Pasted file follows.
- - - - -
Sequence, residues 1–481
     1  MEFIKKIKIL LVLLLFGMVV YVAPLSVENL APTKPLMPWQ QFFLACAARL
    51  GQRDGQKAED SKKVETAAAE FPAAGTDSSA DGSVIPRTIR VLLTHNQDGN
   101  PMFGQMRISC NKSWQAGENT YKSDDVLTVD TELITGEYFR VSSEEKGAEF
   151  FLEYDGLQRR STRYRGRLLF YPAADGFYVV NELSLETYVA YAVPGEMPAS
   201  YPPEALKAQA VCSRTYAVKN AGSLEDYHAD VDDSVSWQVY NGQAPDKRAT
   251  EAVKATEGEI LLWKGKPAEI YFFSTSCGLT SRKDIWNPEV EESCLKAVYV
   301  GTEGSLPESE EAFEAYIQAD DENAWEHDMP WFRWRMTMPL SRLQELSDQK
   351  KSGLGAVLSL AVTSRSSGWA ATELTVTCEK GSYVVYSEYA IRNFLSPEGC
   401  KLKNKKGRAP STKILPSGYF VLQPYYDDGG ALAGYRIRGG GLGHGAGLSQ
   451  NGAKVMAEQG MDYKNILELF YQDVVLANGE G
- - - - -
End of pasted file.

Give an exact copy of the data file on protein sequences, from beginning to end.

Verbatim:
Sequence, residues 1–481
     1  MEFIKKIKIL LVLLLFGMVV YVAPLSVENL APTKPLMPWQ QFFLACAARL
    51  GQRDGQKAED SKKVETAAAE FPAAGTDSSA DGSVIPRTIR VLLTHNQDGN
   101  PMFGQMRISC NKSWQAGENT YKSDDVLTVD TELITGEYFR VSSEEKGAEF
   151  FLEYDGLQRR STRYRGRLLF YPAADGFYVV NELSLETYVA YAVPGEMPAS
   201  YPPEALKAQA VCSRTYAVKN AGSLEDYHAD VDDSVSWQVY NGQAPDKRAT
   251  EAVKATEGEI LLWKGKPAEI YFFSTSCGLT SRKDIWNPEV EESCLKAVYV
   301  GTEGSLPESE EAFEAYIQAD DENAWEHDMP WFRWRMTMPL SRLQELSDQK
   351  KSGLGAVLSL AVTSRSSGWA ATELTVTCEK GSYVVYSEYA IRNFLSPEGC
   401  KLKNKKGRAP STKILPSGYF VLQPYYDDGG ALAGYRIRGG GLGHGAGLSQ
   451  NGAKVMAEQG MDYKNILELF YQDVVLANGE G